Oru Kuppai Kathai Review: An emotional drama that fails to hit the mark
A neatly made underdog tale of love, betrayal, and redemption, that could've been much better
Debutant Kaali Rangasamy’s Oru Kuppai Kathai opens with a shot of a drunk Kumar (Dinesh), clad in shabby clothes and boarding a bus to Salem, giving us a brief deceptive impression that the Kuppai in the title might signify his miserable appearance and profession. But the point the director actually wants to make is that it is the materialistic and treacherous heart of humans that is the real garbage. The film could have joined the league of underdog dramas like Angadi Theru, Veyil, and Kaadhal, but falls well short due to several issues.
The story is about trash collector Kumar’s quest to get married and lead a normal life. But he is unable to find a wife because of his profession, and so, is forced to lie to get a bride. He marries Poongodi (Mansiha Yadav). For a few months, they’re happy, and then all hell breaks loose when she discovers the truth. Things turn ugly when Poongodi develops a soft corner for her good-looking, wealthy and caring neighbour, Arjun (Sujo Mathew).
Kumar is a passionate conservancy worker, who loves his job despite the hardship and stigma associated with it. Sadly, this is conveyed only through dialogues and not visually. We aren’t provided with enough details about his educational background or a solid reason that draws him to the job. This is one of the many points where the film loses the emotional connect with the audience. It would have been great if the film had a scene or two, showing the unknown side of a garbage collector—his little moments of happiness or the lesser known aspects of the emotionally and physically draining profession—in place of the Kuppai Vandiyil Payanam montage song, which simply shows him on a garbage truck moving about.
As Poongodi, Manisha Yadav delivers her career best performance. Oru Kuppai Kathai is a fitting finale to her awareness trilogy for women—her debut Vazhakku En 18/9 dealt with teenage love and voyeurism, Aadhalal Kaadhal Seiveer was about premarital pregnancy, while this film is about an extramarital affair. She gets so into the skin of her character that her other blink-and-miss glamour roles can all be forgiven. Particularly of note is the sequence where she depicts Poongodi’s mixed emotions of guilt, pleasure and dilemma, while slowly slipping into the affair.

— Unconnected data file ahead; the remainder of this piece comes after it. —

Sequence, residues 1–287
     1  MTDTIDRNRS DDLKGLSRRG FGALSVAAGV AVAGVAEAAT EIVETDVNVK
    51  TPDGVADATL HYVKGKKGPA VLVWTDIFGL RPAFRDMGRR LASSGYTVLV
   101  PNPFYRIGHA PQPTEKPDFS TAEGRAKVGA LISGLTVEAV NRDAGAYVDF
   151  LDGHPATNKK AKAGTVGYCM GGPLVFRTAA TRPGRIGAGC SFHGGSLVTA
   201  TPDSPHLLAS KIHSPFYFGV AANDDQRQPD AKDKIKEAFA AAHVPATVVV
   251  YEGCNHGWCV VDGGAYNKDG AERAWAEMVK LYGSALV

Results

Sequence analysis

Though the film suffers several hiccups, it works on the whole because of its non-judgemental and bold treatment. Despite handling a serious issue, nowhere in the film does the director attempt to morally police women. For instance, even when Poongodi elopes, we are not subject to forced cues like incessant closeup shots or a loud violin orchestra to villainise the character. The staging is all very subtle.
Little details such as Arjun choosing to live in Hosur instead of Bangalore, in deference to Poongodi’s preference for less crowded places, and the rubber band on Kumar’s phone, elevate the film. It is also refreshing that the characterisation of almost all the roles is grey. No one is depicted as purely evil or totally innocent.
There are some lingering questions, like why Poongodi is okay with living in a nasty locale beside the banks of Coovum, but enraged the moment she discovers his husband is a trash collector. For lack of clarity in such details, it’s hard to call this a remarkable film. Still, director Kaali Rangasamy deserves a pat on the back for making a non-formulaic Tamil film, shot for the most part in seldom-seen live locations of Chennai.